The reclusive Carlos Kleiber – voted the most inspiring conductor of all time in a poll of eminent current practitioners in BBC Music’s April 2011 issue – was a rare visitor to the recording studio. But his LP of Beethoven’s Fifth Symphony with the Vienna Philharmonic, issued in 1975, was recognised as a classic.

The same team’s Seventh Symphony, which followed the next year, was of similar distinction. And the pairing of Kleiber’s interpretations of these two masterpieces on one recording has become an essential recommendation for any collection. These are performances which seem to present a Beethoven ‘for the ages’, a distillation of a long interpretative tradition, without concern for historical accuracy in text or performance practice.

The sense of something monumental is enhanced by the imposing Vienna Musikverein acoustic. But that doesn’t blur Kleiber’s superfine attention to detail, with perfectly balanced textures and subtly graded transitions, clearly obtained through lengthy and painstaking rehearsal. And the 1970s Vienna Phiharmonic was a band capable of an equally detailed response.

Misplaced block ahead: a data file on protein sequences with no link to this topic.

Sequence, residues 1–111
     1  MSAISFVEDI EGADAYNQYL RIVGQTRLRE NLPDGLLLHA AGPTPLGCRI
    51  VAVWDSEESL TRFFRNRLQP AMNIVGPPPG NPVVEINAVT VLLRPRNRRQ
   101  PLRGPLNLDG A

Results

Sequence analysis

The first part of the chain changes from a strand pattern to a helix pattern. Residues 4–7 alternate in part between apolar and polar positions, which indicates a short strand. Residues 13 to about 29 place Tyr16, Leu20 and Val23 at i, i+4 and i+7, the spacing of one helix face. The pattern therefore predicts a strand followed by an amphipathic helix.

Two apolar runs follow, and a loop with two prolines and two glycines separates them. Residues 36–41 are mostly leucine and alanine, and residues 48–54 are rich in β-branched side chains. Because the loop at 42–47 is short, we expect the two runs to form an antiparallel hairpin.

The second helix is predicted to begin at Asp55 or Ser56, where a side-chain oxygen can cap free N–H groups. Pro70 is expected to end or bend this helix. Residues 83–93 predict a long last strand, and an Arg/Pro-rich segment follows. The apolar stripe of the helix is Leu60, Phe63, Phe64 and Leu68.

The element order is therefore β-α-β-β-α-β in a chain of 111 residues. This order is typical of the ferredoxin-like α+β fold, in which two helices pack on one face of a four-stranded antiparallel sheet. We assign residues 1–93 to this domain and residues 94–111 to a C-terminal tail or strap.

What Kleiber also succeeded in communicating to the players, though, is what conductor Susanna Mälkki describes as his ‘incredible energy’. The Fifth Symphony moves in an unerring line from its famous opening, crackling with excitement, to its celebratory ending. And the Seventh, with all its repeated rhythmic units, generates so much momentum that the thrilling acceleration Kleiber whips up in the final bars almost seems the only possible outcome.

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